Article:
Docstoc

Hip Protector Implementation Toolkit - DOC

Document Sample
Hip Protector Implementation Toolkit - DOC Powered By Docstoc
					 Hip Protector
Implementation
    Toolkit
 VISN 8 Patient Safety
  Center of Inquiry




           Hip Protector Implementation Toolkit | Page 1 of 37
     Hip Protector Implementation Toolkit

                                                  Table of Contents
Introduction ....................................................................................................................................3

Patient Education Information .....................................................................................................4
       1.    Poster from National Falls Toolkit ..........................................................................4
       2.    Video from National Falls Toolkit ...........................................................................4
       3.    Brochure from VISN 8 Falls Clinic .........................................................................4

Provider Information.....................................................................................................................4
       1.    Peer Counseling to Encourage Adherence ...............................................................4
       2.    Prescribing Guidelines for Hip Protectors ...............................................................5
       3.    Standardized Orders for CPRS ................................................................................5
       4.    Selection of Brands and Models of Hip Protectors ..................................................5
       5.    Sizing .......................................................................................................................5
       6.    Protocol for Hip Protector Replacement ..................................................................6
       7.    Template for Policy on Hip Protectors ....................................................................6
       8.    Laundering Procedure ..............................................................................................7
       9.    Stocking Procedure ..................................................................................................7
       10. Hip Protector Fair ....................................................................................................7
       11. Communications ......................................................................................................8
       12. Monitoring Tools .....................................................................................................8
       13. Education for Staff ...................................................................................................8

Appendices ......................................................................................................................................9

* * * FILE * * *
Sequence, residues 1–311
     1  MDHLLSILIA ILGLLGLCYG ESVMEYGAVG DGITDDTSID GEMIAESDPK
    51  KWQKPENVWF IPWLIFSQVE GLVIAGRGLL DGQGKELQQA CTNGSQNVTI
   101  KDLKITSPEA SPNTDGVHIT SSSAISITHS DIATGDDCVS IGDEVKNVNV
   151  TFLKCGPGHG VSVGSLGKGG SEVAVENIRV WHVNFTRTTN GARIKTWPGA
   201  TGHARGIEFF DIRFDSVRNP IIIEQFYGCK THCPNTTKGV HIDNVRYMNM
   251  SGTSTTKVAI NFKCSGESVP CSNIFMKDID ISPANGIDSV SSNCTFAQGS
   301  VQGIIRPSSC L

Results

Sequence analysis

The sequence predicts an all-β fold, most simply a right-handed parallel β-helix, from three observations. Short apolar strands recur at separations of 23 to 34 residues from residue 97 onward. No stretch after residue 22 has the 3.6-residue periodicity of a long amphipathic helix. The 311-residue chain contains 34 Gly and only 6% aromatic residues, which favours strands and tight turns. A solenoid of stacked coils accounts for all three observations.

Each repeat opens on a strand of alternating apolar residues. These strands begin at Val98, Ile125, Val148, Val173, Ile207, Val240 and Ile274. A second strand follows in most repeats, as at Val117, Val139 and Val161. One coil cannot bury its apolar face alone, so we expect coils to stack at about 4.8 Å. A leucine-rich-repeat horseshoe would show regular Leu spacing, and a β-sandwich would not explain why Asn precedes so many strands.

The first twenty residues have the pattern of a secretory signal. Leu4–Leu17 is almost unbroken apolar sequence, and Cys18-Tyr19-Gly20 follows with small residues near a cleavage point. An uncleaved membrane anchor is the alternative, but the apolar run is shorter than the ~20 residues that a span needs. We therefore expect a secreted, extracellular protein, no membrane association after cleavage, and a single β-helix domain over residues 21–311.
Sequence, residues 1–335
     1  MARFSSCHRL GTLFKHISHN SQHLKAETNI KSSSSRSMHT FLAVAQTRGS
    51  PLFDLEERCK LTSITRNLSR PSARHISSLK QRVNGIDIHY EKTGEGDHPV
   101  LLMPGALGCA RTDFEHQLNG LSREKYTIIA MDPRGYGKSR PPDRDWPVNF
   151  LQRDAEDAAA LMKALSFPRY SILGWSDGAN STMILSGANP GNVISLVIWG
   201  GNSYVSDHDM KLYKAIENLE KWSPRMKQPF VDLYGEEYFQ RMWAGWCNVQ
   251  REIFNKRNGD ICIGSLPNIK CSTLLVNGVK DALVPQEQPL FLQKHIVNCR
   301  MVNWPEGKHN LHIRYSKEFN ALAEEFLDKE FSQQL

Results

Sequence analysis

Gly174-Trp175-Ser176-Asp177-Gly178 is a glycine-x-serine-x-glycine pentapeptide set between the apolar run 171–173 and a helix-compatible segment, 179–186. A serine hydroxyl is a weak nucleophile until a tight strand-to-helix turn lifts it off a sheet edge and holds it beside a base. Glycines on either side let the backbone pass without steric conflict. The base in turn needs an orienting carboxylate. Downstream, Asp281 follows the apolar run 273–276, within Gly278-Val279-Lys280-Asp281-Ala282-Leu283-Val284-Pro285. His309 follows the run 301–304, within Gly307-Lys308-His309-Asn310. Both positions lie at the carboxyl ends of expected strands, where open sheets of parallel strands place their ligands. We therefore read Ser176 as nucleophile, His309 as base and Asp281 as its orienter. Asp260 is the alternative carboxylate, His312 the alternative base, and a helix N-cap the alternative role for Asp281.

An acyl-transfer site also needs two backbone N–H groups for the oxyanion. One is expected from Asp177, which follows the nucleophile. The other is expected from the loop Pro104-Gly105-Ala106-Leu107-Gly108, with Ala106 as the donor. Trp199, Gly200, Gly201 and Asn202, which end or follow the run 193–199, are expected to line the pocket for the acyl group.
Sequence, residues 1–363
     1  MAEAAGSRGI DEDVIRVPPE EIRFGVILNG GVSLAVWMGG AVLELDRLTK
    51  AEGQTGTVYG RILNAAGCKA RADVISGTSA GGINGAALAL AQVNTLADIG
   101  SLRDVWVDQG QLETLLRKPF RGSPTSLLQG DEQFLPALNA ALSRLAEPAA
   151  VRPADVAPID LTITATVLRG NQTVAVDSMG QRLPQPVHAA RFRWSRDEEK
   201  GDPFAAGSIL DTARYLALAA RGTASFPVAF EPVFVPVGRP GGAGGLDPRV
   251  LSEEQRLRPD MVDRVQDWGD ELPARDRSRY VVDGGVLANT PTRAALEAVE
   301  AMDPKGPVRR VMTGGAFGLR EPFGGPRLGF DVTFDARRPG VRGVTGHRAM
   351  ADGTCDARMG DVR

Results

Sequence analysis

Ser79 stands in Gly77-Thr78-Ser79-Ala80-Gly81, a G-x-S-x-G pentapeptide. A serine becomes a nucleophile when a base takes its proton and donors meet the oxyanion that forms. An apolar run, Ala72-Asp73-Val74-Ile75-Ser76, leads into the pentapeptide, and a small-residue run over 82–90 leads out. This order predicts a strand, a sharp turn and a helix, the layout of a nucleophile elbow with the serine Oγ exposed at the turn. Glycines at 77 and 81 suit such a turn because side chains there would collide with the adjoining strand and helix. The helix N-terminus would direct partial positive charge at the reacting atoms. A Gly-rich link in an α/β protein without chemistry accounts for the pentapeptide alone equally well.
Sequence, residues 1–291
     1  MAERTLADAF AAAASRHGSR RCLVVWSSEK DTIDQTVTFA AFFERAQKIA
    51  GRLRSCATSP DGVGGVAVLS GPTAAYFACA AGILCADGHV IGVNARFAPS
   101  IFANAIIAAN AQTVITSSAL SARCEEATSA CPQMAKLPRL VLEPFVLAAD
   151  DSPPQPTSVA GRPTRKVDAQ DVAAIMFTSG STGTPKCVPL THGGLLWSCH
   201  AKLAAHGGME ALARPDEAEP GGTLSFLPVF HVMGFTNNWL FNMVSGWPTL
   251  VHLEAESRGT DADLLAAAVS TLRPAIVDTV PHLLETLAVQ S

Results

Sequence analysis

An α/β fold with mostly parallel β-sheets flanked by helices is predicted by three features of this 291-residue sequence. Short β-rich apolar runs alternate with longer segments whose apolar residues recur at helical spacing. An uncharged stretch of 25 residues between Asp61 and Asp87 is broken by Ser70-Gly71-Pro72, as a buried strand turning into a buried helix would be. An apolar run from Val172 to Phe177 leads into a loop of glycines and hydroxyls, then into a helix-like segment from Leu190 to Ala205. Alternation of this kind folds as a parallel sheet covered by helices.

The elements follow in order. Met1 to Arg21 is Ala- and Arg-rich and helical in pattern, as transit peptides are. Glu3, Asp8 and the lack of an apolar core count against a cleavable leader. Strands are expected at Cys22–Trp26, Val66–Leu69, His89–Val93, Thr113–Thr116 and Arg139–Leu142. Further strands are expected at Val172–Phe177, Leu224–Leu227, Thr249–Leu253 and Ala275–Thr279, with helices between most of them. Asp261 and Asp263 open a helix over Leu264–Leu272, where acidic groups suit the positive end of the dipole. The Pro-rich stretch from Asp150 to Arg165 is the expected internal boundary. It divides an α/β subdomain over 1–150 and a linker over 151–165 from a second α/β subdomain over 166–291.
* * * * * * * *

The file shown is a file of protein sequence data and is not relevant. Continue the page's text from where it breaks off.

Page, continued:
Appendix A. Hip Protector Order Sets (sample) .......................................................................9
  Appendix B. Falls Policy including Hip Protectors for High-Risk Patients(sample) ..............10
  Appendix C. Hip Protector Poster: National Center for Patient Safety ...................................18
  Appendix D. Hip Protector Brochure: Patient .........................................................................19
  Appendix E. Hip Protector Brochure: Provider .......................................................................23
  Appendix F. PowerPoint Presentation for Staff .......................................................................27




                                              Hip Protector Implementation Toolkit | Page 2 of 37
                                           Introduction

External hip protectors are girdle-like devices, with shells made of polyurethane.1,2
Multiple types of hip protectors are available on the market and can be divided into soft
shell hip protectors that absorb the energy and re-distribute the force of fall, hard shell hip
protectors that shunt the energy of the impact into the surrounding soft tissues and hybrid
models that combine the hard and soft shell3. A workgroup at the Tampa VA Patient
Safety Center of Inquiry, in conjunction with national experts and manufacturers,
developed toolkit for providers to aid in the implementation of hip protectors. Although
the scientific evidence is mixed,4 some large randomized controlled trials have
demonstrated their usefulness in nursing home settings for preventing hip fractures in
older adults5. The goal of this toolkit is to promote the routine use of hip protectors in
nursing homes by providing physicians, nurses, therapists and others with information
and tools to assist them and overcome barriers to their use. These guidelines were
developed based on feedback received from participating sites in VISN 8 and research we
conducted about the barriers and facilitators affecting the use of hip protectors6 and
durability studies in the VISN 8 Patient Safety Center of Inquiry.7




1
    Kannus P, Parkkari J, Niemi S, Pasanen M, Palvannen M, Jarvinen M, Vuori I.Prevention of hip
    fractures in elderly people with the use of a hip protector. NEJM 2000;343(21): 1506-13.
2
    Rubenstein, L. Hip protectors. A breakthrough in fracture prevention. NEJM 343(21), 1562-1563,